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Driver won't be charged for 2022 crash on US 29 that killed sister

Kate Kane, a master police officer with the Albemarle County Police Department, was called to the scene of a catastrophic car crash late on Halloween afternoon in 2022. There, she filed a reckless driving charge against the driver. But after a rear-seat passenger, the driver’s sister, died nine days later, Kane stepped up her research.

"I did preliminary tire tread-depth measurements at the scene and found that the tread depth may have been unsatisfactory, per VA Code," she wrote in papers accompanying a search warrant.

The driver was 72-year-old Alfred T.B. Wood of Fort Washington, Maryland. The victim, who died Nov. 9, 2022, was his sister, Jeraldine Marie Wood, who was 76 at the time of her death. They were heading north on U.S. 29 at North Garden Lane when the crash occurred.

"Weather conditions were steady rain with wet pavement," Kane wrote. "Based on my initial investigation, the driver of a 2005 Mercedes-Benz sedan appeared to have lost control and collided with a tractor-trailer and then struck a guardrail."

By the time Kane sought her search warrant, the Mercedes was stored in a local towing company’s lot. Kane wanted to check the car’s turn signal knob position, its radio volume and seatbelt condition as well as conduct further tests on the tires, including checking their air pressure. Kane also sought maintenance records that might be stored in the vehicle to see if there was evidence of a mechanical condition that could have precipitated the crash.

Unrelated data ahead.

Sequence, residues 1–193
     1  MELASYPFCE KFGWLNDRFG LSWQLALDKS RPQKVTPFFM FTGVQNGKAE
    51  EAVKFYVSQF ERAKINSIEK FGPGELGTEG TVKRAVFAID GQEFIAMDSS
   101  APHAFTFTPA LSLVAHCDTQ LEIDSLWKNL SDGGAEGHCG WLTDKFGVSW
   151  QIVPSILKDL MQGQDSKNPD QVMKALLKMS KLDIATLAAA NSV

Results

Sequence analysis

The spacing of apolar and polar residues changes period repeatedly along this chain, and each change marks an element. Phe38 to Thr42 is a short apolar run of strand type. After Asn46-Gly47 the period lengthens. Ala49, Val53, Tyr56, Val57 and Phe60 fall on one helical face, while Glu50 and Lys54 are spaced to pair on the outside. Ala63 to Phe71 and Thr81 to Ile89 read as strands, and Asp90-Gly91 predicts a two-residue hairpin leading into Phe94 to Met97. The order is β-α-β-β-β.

What, if anything, she found never made it to court. On Oct. 17, the prosecutor announced that he was dropping the case.

"In thinking about this decision today, judge, I was looking at the American Bar Association’s justice standards," said Assistant Commonwealth’s Attorney Raymond Szwabowski in Albemarle County General District Court.

The prosecutor said that continuing the case would not be in the interests of justice and that dropping it was a decision made in consultation with relatives of the deceased woman.

"This has been a very difficult situation for that family," said Szwabowski.

Next, defense attorney Jonathan Tarris spoke up to say there was a witness prepared to testify that the crash was triggered by the nearby tractor-trailer. Tarris said the witness would say the truck "sucked in" the Mercedes and made it hydroplane.

"It was called in as a hit-and-run," said Tarris, noting that the tractor-trailer drove about quarter of a mile before stopping.

"That’s one piece of a complicated mosaic of reasons," replied Szwabowski for his motion not to prosecute.

Judge Matthew Quatrara spoke next.

"The court’s going to grant the motion," Quatrara said, "but the court’s not going to minimize the loss."

Veteran Charlottesville attorney Scott Goodman said that it doesn’t seem like a convictable case.

"It sounds like there was nothing there to support reckless driving," Goodman told The Daily Progress. "Sometimes that’s what these things are, just unfortunate accidents."


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